Can Drinking Increase Risk of Malignant Melanoma?

It’s well known that excessive sunning and sunburns can foment the development of malignant melanoma, the deadliest skin cancer. Now, in a preliminary study, scientists have suggested that drinking alcohol may be an added risk factor for the disease.

A glass of red wineReporting in the British Journal of Dermatology in January, scientists at the University of Milan, Italy, pooled the results of 16 prior research studies involving more than 6,000 melanoma cases, and concluded that consuming an alcoholic drink or more a day increases melanoma risk by 20 percent. Patients who routinely drank 50 grams of alcohol daily – the amount in a few strong beers – were up to 55 percent more likely to develop melanoma. One theory is that the body breaks down alcohol into compounds that can weaken the immune system.

However, Andrew Werchniak, MD, a dermatologist with the Melanoma Treatment Center at Dana-Farber, comments that “the study has significant limitations, and I don’t think any real conclusions can be drawn from it. It is an interesting potential association, however, and deserves further investigation.”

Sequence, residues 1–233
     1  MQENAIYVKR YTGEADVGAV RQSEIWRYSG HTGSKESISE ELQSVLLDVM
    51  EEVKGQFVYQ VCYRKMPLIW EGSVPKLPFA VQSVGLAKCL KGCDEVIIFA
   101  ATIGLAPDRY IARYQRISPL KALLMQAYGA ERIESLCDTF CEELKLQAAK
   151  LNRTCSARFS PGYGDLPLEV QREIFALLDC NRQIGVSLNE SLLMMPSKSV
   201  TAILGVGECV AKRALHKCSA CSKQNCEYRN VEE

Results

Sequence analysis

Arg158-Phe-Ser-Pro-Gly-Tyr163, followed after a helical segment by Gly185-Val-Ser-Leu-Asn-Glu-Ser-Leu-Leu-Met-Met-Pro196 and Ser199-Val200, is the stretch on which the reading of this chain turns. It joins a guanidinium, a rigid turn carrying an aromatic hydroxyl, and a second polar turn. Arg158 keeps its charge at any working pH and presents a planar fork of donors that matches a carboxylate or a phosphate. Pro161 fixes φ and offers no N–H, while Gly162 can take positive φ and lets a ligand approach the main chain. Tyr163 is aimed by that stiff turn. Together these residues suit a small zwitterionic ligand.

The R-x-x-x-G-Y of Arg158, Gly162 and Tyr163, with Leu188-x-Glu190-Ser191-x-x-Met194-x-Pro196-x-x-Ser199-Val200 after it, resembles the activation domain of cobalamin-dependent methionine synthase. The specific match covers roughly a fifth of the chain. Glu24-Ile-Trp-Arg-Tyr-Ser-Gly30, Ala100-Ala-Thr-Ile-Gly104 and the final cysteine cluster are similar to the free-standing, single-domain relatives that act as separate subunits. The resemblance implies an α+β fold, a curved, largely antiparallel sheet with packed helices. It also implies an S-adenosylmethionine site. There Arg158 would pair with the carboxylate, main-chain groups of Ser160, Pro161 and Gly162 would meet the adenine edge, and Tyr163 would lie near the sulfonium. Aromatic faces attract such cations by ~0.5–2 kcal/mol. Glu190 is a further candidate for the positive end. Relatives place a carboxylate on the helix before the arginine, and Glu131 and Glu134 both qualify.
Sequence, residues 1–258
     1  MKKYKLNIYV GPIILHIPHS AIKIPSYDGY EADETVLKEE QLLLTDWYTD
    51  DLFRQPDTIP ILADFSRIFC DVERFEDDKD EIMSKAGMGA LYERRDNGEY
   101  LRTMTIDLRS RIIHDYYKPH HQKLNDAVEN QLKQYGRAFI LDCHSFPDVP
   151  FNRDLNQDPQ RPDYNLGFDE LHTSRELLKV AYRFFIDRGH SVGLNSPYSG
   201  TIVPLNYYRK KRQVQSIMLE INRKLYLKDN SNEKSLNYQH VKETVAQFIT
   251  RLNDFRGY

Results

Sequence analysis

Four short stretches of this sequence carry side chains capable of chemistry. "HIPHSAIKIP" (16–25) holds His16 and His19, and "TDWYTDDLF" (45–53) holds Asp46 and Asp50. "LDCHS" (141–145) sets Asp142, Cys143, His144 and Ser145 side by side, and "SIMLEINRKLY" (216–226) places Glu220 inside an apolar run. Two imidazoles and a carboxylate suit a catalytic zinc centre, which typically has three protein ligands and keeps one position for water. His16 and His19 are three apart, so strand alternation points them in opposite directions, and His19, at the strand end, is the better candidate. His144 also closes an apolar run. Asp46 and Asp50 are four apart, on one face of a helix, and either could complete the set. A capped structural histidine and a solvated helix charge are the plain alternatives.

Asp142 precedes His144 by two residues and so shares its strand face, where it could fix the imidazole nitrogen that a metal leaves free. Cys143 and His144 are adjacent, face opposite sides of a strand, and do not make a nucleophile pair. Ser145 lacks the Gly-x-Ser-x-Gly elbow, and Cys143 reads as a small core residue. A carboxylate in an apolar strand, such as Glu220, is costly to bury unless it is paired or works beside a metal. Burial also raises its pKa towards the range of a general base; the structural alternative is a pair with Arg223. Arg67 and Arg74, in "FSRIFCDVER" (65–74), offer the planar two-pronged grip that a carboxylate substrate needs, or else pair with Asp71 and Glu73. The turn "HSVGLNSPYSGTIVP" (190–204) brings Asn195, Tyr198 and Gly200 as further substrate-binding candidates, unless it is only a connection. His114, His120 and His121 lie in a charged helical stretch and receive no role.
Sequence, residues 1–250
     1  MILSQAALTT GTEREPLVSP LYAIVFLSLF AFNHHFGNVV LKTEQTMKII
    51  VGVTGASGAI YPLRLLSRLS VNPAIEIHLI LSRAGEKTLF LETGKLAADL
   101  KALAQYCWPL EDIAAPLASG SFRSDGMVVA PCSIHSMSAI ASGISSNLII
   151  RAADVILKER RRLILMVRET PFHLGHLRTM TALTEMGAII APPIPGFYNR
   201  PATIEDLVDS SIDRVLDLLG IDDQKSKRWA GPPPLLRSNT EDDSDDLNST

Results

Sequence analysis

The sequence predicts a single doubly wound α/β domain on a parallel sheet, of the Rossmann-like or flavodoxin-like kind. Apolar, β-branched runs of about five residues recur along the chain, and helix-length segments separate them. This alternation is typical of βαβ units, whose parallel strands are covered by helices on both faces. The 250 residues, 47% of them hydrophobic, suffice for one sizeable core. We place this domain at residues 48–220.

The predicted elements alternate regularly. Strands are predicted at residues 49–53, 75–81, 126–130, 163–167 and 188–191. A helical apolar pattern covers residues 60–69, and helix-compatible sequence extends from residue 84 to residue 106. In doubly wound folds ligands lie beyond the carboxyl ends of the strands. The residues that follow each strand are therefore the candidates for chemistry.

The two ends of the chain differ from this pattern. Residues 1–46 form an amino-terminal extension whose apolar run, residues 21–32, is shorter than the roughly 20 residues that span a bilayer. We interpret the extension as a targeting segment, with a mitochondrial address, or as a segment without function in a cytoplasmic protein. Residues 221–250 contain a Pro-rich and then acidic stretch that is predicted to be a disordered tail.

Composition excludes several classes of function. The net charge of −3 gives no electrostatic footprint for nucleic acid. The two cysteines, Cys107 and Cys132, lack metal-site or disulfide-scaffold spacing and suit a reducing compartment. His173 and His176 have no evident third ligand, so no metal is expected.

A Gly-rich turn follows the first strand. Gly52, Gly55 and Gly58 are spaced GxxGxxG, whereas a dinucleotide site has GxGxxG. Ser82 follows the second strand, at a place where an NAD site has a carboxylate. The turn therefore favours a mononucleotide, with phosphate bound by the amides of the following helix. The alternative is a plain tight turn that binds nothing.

The biggest weakness, cited by Werchniak and the Italian scientists themselves, is that when sun exposure was taken into consideration, the increased relative risk of melanoma with alcohol consumption was no longer statistically significant (meaning it was not possible to determine whether there was actually any increased risk or not).

”It may be that people who drink more alcohol are also more likely to engage in other behaviors that increase their risk for melanoma – for example they may also spend more time outside, get more sunburns, or use tanning beds,” he says.

One cancer research blogger raised similar cautions about the study.

So it will require new studies to determine whether it’s the alcohol, or alcohol-related behavior, that’s at fault.

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All content in these blogs is provided by independent writers and does not represent the opinions or advice of Dana-Farber Cancer Institute or its partners.

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